Ladies of Paris, you no longer have to fear arrest for wearing trousers in the French capital.
It sounds très odd, but apparently a bylaw requiring women to ask permission from city authorities before dressing as “men” and donning trousers have been on the books for more than 200 years. On Jan. 31, the Telegraph reported, France’s Women’s Rights Minister, Najat Vallaud-Belkacem, declared the law effectively revoked, citing its incompatibility with France’s constitutional equality rights.
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The law, which was originally intended to prevent women from wearing the pantalons fashionable with Parisian rebels in the French Revolution, was amended twice throughout its history to make exception for women who happened to be “holding a bicycle handlebar or the reins of a horse.”
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Of course, there have been attempts to repeal the law in the past, but it wasn’t really viewed as a priority with lawmakers. But last year’s application to revoke the bylaw, made by Alain Houpert, a member of the conservative UMP party, was heard. “This ordinance is incompatible with the principles of equality between women and men, which are listed in the constitution, and in France’s European commitments,” Vallaud-Belkacem said in a statement last week. “From that incompatibility follows the implicit abrogation of the ordinance.”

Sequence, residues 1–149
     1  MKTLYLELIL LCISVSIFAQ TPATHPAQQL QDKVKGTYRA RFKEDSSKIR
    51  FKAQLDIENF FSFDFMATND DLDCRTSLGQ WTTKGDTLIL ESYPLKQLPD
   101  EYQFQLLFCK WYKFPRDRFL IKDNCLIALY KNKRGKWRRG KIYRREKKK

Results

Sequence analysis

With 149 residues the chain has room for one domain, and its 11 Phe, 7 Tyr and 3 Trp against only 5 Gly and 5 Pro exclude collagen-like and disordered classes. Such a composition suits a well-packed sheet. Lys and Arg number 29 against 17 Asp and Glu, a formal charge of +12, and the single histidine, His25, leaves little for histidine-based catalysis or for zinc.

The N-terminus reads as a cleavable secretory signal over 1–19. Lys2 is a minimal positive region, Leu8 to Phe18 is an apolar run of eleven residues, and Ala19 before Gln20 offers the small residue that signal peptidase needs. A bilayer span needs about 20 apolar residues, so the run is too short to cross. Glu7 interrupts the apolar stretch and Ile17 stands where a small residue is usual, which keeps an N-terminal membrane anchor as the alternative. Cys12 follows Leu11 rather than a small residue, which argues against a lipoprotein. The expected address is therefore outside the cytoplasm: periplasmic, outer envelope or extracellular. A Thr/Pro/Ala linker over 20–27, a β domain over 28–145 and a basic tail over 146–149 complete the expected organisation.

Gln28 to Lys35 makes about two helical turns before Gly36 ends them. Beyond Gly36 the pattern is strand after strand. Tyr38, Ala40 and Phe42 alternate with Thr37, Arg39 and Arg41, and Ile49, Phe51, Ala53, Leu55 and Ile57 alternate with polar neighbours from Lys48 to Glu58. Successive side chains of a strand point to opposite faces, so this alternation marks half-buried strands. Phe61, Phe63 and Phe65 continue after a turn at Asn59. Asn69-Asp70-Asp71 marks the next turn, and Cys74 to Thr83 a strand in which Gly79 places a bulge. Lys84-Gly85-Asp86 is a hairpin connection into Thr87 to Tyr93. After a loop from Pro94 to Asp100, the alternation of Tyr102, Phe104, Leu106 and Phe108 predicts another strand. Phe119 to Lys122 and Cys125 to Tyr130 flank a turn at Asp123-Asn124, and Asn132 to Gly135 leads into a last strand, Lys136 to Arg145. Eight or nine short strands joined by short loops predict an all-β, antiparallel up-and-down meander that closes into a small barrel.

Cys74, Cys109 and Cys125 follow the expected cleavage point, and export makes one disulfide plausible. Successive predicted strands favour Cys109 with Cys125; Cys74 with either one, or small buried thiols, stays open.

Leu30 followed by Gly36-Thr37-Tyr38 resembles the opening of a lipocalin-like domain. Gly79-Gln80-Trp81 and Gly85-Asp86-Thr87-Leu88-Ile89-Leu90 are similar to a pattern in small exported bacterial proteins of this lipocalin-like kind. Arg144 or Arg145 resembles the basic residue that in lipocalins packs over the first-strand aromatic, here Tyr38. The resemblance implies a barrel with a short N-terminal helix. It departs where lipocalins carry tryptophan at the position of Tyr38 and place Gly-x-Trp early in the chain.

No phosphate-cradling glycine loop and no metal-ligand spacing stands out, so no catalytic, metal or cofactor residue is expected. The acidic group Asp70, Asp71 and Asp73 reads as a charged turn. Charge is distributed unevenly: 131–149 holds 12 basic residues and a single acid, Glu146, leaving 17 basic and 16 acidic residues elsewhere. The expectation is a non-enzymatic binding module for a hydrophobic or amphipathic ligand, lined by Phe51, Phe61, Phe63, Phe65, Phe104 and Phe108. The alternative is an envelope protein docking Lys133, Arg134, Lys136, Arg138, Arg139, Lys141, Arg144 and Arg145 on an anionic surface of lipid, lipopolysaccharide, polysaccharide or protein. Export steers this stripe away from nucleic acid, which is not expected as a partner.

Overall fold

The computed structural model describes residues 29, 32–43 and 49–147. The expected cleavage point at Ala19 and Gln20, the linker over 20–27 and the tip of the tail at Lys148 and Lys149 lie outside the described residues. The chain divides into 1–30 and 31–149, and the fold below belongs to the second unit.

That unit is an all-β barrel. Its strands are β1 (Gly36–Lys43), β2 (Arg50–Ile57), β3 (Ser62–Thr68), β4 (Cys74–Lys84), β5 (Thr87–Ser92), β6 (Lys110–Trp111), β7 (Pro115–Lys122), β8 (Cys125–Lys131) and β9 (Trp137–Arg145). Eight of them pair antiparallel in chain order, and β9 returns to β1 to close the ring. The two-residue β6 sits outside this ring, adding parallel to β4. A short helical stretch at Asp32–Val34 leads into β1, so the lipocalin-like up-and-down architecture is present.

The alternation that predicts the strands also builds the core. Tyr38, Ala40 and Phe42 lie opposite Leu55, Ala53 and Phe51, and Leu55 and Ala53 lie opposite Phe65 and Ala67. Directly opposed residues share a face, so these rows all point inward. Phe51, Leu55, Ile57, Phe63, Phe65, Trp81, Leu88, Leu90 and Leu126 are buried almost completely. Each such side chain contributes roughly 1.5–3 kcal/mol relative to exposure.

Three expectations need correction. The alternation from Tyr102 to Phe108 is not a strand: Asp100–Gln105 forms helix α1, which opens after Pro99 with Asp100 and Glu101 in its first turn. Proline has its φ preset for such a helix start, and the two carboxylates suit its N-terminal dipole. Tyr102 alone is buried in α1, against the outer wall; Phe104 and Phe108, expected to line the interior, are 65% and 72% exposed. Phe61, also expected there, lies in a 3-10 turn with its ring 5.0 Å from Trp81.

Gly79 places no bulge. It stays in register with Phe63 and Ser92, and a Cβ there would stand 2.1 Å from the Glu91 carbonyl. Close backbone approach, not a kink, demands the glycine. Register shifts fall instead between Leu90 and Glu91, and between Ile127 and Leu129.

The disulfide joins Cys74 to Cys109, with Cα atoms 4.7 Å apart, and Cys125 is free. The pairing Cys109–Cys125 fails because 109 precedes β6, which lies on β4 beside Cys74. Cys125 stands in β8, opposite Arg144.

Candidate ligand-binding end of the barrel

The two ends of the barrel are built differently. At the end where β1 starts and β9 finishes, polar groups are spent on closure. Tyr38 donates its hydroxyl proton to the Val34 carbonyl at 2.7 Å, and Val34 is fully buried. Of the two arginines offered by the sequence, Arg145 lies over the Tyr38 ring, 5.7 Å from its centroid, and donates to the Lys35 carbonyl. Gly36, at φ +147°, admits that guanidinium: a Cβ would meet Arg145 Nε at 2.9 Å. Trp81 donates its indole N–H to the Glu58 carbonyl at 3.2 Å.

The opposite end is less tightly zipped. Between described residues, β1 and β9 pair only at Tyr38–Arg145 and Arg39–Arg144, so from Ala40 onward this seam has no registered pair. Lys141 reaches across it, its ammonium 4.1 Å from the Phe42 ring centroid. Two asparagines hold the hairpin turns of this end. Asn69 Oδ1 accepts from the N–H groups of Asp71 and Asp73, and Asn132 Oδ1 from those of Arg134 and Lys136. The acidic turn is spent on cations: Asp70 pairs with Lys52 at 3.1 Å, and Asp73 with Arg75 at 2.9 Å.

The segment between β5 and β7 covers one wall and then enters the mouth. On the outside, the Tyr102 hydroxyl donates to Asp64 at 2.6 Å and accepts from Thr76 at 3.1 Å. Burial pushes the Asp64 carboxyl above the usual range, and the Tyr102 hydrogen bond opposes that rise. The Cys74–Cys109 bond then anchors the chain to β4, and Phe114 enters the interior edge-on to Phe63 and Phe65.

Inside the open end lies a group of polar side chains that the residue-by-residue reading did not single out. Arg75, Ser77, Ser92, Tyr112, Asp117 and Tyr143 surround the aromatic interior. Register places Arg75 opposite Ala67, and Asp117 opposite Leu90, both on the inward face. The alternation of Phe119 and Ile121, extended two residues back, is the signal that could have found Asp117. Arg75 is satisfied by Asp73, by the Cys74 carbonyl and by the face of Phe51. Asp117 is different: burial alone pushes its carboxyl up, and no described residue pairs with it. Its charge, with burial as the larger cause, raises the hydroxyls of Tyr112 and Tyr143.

Which is good news for the famously fashion-conscious Parisian women, for whom such a restriction would be the real fashion crime.
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